Sindhutata, Sindhutaṭa, Sindhu-tata: 4 definitions
Sindhutata means something in Hinduism, Sanskrit, Marathi. If you want to know the exact meaning, history, etymology or English translation of this term then check out the descriptions on this page. Add your comment or reference to a book if you want to contribute to this summary article.
Purana and Itihasa (epic history)Source: Cologne Digital Sanskrit Dictionaries: The Purana Index
Sindhutaṭa (सिन्धुतट).—The region of the Indus; ruled by Mlecchas.*
- * Viṣṇu-purāṇa IV. 24. 69.
The Purana (पुराण, purāṇas) refers to Sanskrit literature preserving ancient India’s vast cultural history, including historical legends, religious ceremonies, various arts and sciences. The eighteen mahapuranas total over 400,000 shlokas (metrical couplets) and date to at least several centuries BCE.
Jyotisha (astronomy and astrology)Source: Wisdom Library: Brihat Samhita by Varahamihira
Sindhutaṭa (सिन्धुतट) refers to “those living on the banks of the Sindhu (Indus)”, according to the Bṛhatsaṃhitā (chapter 5), an encyclopedic Sanskrit work written by Varāhamihira mainly focusing on the science of ancient Indian astronomy astronomy (Jyotiṣa).—Accordingly, “If Mars should be eclipsed by Rāhu [—the eclipsed or eclipsing lunar or solar disc as the case may be], the people of Āvanti, those living on the banks of the Kāverī and the Narmada and haughty princes will be afflicted with miseries. [...] If Jupiter should be so eclipsed, learned men, kings, ministers, elephants and horses will perish and persons living on the banks of the Indus [i.e., sindhutaṭa-vāsin] and in the northern countries will suffer calamities. If Venus should be so eclipsed, the people of Dāśeraka, of Kaikaya, of Yaudheya and of Āryāvarta and the Śibīs will suffer; women and ministers will be afflicted with miseries”.
Jyotisha (ज्योतिष, jyotiṣa or jyotish) refers to ‘astronomy’ or “Vedic astrology” and represents the fifth of the six Vedangas (additional sciences to be studied along with the Vedas). Jyotisha concerns itself with the study and prediction of the movements of celestial bodies, in order to calculate the auspicious time for rituals and ceremonies.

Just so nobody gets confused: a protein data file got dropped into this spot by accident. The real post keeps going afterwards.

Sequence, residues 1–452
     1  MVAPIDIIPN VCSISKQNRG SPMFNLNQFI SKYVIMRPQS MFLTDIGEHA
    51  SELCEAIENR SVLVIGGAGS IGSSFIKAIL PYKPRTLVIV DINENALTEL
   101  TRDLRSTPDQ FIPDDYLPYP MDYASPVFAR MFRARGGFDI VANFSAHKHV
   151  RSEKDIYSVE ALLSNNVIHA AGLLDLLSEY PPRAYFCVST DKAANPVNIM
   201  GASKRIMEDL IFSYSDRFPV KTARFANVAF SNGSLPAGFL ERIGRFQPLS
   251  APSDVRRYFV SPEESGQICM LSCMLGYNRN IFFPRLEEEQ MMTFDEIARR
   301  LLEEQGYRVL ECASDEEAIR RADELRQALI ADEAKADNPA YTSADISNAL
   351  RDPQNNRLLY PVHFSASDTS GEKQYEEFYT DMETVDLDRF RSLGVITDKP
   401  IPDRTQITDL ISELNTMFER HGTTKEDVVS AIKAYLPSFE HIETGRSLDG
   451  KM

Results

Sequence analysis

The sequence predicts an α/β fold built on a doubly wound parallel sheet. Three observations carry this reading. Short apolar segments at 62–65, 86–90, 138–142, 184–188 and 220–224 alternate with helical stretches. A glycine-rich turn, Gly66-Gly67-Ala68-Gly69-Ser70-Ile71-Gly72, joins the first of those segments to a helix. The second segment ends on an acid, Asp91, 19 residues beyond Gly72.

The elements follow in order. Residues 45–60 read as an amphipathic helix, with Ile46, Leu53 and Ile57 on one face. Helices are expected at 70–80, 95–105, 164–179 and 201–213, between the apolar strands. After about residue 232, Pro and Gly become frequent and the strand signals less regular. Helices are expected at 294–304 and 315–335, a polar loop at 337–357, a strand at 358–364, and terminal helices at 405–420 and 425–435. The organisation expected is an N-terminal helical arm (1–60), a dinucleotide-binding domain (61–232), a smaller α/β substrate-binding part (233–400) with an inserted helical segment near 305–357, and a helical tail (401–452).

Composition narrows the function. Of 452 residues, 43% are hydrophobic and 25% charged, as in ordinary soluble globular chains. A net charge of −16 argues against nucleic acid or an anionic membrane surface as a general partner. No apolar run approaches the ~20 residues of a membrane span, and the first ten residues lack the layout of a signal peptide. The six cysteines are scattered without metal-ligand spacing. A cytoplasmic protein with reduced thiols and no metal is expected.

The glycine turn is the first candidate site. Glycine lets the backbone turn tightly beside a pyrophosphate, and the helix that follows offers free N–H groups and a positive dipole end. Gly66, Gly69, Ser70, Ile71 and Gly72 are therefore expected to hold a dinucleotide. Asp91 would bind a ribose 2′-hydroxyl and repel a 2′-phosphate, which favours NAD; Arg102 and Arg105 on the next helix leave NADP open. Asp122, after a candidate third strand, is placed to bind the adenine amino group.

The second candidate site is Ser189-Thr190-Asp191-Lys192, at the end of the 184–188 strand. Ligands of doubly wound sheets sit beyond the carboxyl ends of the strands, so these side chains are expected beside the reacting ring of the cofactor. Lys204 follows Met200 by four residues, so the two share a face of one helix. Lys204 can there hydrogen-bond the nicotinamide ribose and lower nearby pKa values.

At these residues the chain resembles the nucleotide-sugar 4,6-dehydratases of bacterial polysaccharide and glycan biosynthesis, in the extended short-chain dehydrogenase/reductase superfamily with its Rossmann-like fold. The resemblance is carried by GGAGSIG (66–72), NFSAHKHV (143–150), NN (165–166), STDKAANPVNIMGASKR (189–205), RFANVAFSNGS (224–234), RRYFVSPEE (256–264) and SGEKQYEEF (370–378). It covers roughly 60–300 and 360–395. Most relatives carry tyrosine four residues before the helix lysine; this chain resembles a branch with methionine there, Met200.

Shaktism (Shakta philosophy)Source: Brill: Śaivism and the Tantric Traditions (shaktism)
Sindhutaṭa (सिन्धुतट) refers to the “banks of the heavenly river”, according to the King Vatsarāja’s Pūjāstuti called the Kāmasiddhistuti (also Vāmakeśvarīstuti), guiding one through the worship of the Goddess Nityā.—Accordingly, “[...] O goddess! You enter the heart of a man whose mind is composed. Sweet ballads of your renown, O Gaurī, the Vidyādharas sing in the groves of Haricandana trees that emit the sweet fragrance of liquor on the banks of the heavenly river (vibudha-sindhutaṭa-sthalī)”.
Shakta (शाक्त, śākta) or Shaktism (śāktism) represents a tradition of Hinduism where the Goddess (Devi) is revered and worshipped. Shakta literature includes a range of scriptures, including various Agamas and Tantras, although its roots may be traced back to the Vedas.
Languages of India and abroad
Marathi-English dictionarySource: DDSA: The Aryabhusan school dictionary, Marathi-English
sindhutaṭa (सिंधुतट).—m A sea-board.
Marathi is an Indo-European language having over 70 million native speakers people in (predominantly) Maharashtra India. Marathi, like many other Indo-Aryan languages, evolved from early forms of Prakrit, which itself is a subset of Sanskrit, one of the most ancient languages of the world.
See also (Relevant definitions)
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